I will be the first to admit that I've had my eye on this book for a while. I'd flipped through it before in Borders but neither had the money nor the inclination to actually purchase it.
However, after the cleanse I went through back in January I decided to purchase the book. The facilitator of the cleanse was actually a student of the author and referenced him many times during the three workshops.
The book itself is divided into three parts. The first details what Ayurveda is, the philosophy behind it, how to determine your dosha, characteristics of the doshas, and why people get sick. The second part is titled "Putting Ayurveda to Work" and goes into detail regarding how this ancient form of medicine can benefit you. The third part gives home remedies for a slew of maladies, from acne to yeast infections.
The book does an excellent job of explaining the basics of Ayurveda and how it can be applied to your every day life. While the book does not go into detail regarding the cleanse I did, it does give you several options to choose from in regards to the home remedies. It breaks down the remedies depending on which dosha you are, gives herbal supplements, behavior modifications, and even supportive yoga poses. The author tries very hard to - when possible - use herbs and spices that most people would have in their kitchens already.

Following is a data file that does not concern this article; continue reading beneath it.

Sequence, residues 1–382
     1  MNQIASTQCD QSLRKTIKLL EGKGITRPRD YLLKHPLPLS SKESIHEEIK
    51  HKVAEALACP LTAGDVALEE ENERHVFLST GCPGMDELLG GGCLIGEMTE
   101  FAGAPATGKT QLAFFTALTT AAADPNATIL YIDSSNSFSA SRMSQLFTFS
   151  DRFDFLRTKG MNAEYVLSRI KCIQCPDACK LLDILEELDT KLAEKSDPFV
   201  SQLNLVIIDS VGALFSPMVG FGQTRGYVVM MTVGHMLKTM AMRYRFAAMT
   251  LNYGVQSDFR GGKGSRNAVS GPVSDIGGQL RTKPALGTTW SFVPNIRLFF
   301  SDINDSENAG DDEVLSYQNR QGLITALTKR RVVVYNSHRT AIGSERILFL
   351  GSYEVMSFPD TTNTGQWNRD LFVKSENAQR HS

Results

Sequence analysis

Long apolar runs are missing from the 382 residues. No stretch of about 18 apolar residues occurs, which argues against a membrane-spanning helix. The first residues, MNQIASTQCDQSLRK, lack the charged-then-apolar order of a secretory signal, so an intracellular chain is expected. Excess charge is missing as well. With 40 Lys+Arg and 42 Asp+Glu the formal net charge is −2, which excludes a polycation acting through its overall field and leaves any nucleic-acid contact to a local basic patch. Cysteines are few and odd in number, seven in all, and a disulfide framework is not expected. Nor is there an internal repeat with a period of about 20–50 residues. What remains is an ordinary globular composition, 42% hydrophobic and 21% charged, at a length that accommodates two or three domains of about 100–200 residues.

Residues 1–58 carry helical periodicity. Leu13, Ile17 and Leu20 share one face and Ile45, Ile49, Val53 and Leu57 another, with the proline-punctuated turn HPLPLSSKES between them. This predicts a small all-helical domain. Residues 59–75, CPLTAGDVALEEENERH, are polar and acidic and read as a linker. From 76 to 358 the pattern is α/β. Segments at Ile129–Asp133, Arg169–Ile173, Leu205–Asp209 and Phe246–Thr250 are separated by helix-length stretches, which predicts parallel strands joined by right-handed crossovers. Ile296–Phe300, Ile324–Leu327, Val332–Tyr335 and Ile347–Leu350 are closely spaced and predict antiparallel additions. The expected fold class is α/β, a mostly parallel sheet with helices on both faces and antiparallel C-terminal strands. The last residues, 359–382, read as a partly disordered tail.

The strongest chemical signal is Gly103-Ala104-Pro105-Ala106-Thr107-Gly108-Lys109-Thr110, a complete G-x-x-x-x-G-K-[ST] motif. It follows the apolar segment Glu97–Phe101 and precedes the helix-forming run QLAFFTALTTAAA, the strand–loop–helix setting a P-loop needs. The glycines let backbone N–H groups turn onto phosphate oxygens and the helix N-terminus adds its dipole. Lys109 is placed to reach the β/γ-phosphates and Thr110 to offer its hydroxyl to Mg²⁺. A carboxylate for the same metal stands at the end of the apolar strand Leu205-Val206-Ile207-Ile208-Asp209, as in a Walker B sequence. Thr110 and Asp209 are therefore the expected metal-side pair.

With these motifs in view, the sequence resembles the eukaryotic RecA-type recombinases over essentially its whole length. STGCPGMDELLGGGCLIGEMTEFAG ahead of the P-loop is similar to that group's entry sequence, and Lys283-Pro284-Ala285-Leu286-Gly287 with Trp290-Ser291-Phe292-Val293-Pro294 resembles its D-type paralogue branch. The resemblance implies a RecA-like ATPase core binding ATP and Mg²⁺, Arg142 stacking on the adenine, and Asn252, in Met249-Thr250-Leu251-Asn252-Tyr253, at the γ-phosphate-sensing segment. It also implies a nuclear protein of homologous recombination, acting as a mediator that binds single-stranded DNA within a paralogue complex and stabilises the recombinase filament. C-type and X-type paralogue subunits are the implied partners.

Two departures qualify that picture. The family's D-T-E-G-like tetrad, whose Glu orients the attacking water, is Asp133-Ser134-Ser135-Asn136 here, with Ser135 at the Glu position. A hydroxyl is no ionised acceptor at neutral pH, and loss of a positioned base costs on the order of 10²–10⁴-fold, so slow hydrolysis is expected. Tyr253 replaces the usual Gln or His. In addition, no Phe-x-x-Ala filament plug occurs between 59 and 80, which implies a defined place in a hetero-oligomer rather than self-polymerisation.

Some of the information is common sense. For example, some of the advice for "Nosebleeds" is to squeeze your nose, use a cold compress and to humidify your surroundings. But then, there is also the advice to drink cool water. Cold constricts the blood vessels, which apparently in many cases helps stop the bleeding.
I like the fact that this book presents common solutions to problems that nine times out of ten do not need medical intervention. However, for that 10th time, the book also includes "When to See a Doctor" passages. I definitely foresee consulting with this book when I have issues.
I know there are naysayers out there that would read the suggestions in this book and call them hokey, new-aged, or even useless. Which is, of course, their opinion and they are welcome to it. However, I firmly believe that a great many maladies can be reversed by healthful diet and supportive behavioral changes. This book supports that. Although even I will admit some of the suggestions are a bit beyond my comfort zone. Thankfully, the book recognizes that this is a Western audience and gives advice that meets you where you are. If you aren't comfortable with a basti, there are other things you can do.
On the whole, I would recommend this book. I believe there are others out there that go into greater depth regarding home remedies, but for a starter book this is a good one.
Monday, February 21, 2011
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